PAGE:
1992 Feasibility Analysis ~ Edmonds Ferry Terminal
The City of Edmonds has begun the process of analyzing alternatives that would resolve serious vehicular, pedestrian, and public safety issues and conflicts caused by at-grade railroad crossings located at Main and Dayton streets along the Edmonds waterfront.
Growing volumes of train traffic block access to thousands of commuters, residents, employees, and visitors and prevent timely delivery of emergency services to the water side of BNSF tracks where, along with a State ferry terminal, we have:
- the Senior Center,
- the Marina with moorage for 894 boats, a nationally renowned salt-water dive park, and three separate waterfront parks,
- several office buildings, three restaurants, two 4- to 5-story condominium buildings, and several single-family homes.
These waterfront developments are frequent users of paramedic, fire, and police services.
The ferry terminal is the last remaining location where ferry loading across at-grade train tracks takes place in the Washington State Ferry system. Currently, train passage completely halts ferry loading/unloading. Second busiest in the state, the Edmonds-Kingston run carries 4 million passengers annually and is the state’s top ferry freight route.
At present, about 40 trains go through Edmonds daily, shutting down access to the City’s waterfront for up to 2 hours/day, or even more if accidents or breakdowns occur. Train traffic could grow to 100 trains per day by 2030, which would shut down waterfront access for about 4 ½ hours in a 24-hour period. Action is needed now to address this eventuality.
After receipt of $500,000 from the State of Washington, as well as contributions from the Port of Edmonds, Burlington Northern Santa Fe, Sound Transit, Community Transit, as well as City money, the City has been able to commence the Alternatives Analysis process that will roll out over the next 14-18 months. To help guide and lend expertise to the process, Mayor Earling has appointed a 10-member Advisory Task Force comprised of the following members:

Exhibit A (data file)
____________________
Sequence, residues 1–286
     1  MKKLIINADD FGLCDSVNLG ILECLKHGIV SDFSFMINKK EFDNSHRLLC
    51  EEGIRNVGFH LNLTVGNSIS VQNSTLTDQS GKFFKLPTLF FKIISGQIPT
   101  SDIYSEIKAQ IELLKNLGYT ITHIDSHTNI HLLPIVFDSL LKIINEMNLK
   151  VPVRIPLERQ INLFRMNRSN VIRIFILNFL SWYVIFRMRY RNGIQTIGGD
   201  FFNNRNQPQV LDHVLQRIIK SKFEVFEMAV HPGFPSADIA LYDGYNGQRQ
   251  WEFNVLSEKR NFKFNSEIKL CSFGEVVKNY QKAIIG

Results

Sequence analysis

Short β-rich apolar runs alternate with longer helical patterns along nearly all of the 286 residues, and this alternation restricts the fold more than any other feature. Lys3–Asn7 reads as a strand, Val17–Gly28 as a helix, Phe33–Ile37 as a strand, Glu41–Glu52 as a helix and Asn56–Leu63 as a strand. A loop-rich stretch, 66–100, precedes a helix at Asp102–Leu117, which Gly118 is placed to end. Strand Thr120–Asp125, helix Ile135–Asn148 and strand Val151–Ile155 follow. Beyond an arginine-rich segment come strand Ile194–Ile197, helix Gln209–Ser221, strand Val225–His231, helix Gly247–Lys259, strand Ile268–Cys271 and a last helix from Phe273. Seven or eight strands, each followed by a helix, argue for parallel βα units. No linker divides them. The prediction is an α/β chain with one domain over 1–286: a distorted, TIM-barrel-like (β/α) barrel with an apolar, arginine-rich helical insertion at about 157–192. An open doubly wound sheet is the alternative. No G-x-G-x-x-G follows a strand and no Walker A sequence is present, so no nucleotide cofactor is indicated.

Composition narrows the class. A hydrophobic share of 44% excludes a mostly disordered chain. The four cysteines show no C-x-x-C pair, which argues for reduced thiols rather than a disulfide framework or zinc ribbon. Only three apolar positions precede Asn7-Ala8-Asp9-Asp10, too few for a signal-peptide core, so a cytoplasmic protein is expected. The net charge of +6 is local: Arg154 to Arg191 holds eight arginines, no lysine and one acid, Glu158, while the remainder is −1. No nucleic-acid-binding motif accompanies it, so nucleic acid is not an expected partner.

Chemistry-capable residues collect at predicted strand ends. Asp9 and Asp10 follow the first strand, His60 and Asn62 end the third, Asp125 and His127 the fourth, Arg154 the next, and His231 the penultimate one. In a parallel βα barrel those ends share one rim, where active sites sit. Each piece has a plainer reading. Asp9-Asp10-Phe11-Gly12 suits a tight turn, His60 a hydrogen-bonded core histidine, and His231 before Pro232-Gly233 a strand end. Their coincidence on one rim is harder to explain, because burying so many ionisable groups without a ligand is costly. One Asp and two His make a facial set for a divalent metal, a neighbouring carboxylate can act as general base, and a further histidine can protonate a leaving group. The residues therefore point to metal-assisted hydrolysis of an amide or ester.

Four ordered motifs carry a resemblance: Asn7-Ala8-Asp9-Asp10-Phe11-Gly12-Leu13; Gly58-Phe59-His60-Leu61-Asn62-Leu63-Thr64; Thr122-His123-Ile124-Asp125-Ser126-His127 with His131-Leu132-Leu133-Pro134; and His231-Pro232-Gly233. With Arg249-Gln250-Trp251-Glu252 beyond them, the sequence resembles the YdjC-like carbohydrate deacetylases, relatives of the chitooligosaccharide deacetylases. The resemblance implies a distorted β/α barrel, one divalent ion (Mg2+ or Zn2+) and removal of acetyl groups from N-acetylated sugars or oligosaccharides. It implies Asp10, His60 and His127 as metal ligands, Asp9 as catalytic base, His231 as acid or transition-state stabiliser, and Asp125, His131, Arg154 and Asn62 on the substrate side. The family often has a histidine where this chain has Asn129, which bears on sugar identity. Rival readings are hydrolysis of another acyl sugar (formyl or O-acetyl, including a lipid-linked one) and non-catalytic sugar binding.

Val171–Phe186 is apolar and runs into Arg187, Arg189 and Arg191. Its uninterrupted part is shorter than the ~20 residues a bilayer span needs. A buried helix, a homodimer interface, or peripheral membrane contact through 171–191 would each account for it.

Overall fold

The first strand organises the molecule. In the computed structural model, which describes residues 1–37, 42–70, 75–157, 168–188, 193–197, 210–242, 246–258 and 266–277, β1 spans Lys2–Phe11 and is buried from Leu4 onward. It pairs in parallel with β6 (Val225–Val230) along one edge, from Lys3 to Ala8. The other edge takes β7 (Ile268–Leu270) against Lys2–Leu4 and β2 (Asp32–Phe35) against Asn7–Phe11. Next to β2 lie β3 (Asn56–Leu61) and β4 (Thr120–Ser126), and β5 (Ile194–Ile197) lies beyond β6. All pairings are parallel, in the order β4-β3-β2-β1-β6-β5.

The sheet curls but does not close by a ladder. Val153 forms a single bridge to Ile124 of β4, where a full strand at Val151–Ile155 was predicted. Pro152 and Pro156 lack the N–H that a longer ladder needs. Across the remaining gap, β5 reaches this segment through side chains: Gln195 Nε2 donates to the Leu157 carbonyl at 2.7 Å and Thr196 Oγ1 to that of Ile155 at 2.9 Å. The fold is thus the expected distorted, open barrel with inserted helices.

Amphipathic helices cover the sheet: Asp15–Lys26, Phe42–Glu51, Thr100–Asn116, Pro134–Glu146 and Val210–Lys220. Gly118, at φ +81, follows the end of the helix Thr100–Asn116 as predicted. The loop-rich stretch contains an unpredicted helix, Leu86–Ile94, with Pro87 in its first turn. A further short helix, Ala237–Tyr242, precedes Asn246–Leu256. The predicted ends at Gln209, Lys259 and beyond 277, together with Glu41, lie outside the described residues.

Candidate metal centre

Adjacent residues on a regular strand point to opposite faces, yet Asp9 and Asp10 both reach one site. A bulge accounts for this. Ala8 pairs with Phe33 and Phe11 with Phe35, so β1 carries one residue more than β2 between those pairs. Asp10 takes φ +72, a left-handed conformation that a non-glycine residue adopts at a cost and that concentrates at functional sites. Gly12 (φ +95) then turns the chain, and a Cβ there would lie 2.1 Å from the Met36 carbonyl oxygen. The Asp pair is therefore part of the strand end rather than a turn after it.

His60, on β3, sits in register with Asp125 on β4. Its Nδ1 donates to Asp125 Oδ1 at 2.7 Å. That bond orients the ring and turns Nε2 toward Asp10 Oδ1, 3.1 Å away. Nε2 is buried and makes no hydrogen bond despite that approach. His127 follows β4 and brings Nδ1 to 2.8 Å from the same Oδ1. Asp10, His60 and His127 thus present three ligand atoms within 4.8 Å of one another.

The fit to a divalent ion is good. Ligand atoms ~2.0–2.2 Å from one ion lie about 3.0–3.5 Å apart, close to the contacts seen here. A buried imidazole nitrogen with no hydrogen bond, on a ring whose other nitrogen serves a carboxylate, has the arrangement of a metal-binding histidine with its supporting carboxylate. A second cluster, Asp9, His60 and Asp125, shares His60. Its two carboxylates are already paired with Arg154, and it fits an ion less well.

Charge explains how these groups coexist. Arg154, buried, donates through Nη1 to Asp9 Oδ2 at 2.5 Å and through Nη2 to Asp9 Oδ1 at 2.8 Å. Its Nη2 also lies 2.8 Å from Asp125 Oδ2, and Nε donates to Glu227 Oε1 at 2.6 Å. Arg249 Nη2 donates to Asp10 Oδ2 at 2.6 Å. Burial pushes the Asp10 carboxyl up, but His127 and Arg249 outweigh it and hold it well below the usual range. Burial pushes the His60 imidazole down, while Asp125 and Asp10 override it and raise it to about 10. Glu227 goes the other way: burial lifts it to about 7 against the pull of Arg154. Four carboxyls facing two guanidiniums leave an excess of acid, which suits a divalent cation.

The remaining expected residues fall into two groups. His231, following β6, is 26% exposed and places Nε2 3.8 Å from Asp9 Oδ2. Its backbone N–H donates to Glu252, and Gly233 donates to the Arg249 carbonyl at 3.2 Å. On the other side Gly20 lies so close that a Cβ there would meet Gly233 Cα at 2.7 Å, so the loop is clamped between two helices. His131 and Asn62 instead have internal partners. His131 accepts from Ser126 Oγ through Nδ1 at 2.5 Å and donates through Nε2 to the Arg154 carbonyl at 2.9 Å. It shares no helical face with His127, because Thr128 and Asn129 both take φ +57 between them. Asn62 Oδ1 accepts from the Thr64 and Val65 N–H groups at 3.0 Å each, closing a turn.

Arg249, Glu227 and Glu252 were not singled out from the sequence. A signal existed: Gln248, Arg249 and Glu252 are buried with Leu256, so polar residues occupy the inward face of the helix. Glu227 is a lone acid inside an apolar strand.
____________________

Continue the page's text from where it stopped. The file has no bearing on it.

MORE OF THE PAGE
- Mike Nelson (Edmonds City Councilmember) and
- Jim Orvis (Port of Edmonds).
- Cadence Clyborne (Edmonds resident)
- Lorena Eng (WSDOT)
- Kirk Greiner (Edmonds resident)
- Lynne Griffith (WSDOT – Ferries Division)
- Phil Lovell (Edmonds resident)
- Jodi Mitchell (Sound Transit)
- Joy Munkers (Community Transit)
- Rick Wagner (BNSF)
- Joined by City of Edmonds staff members Rob English (City Engineer), and Patrick Doherty (Director of Economic Development and Community Services)
Over the ensuing months, with the professional work of a consultant team, guided by the Advisory Task Force and City staff, the City intends to study several alternatives that could address these at-grade crossing issues, which includes an emphasis on considering near-term approaches to provide emergency access as well. This process will include an ambitious, proactive effort to reach out to and engage the public.
This webpage will provide a schedule of Advisory Task Force meetings, meeting summaries, notices of public-involvement opportunities, and information produced during the alternatives analysis process.
Your input is an important part of the Edmonds Waterfront Access Study. We’ll be asking for input and your involvement throughout the study process. The City is committed to keeping the public up-to-date and engaged throughout the study.
Community Meeting Plan Wednesday, January 27, 2016
Community Open House May 12, 2016 Materials
You may learn more about becoming involved by visiting the project website.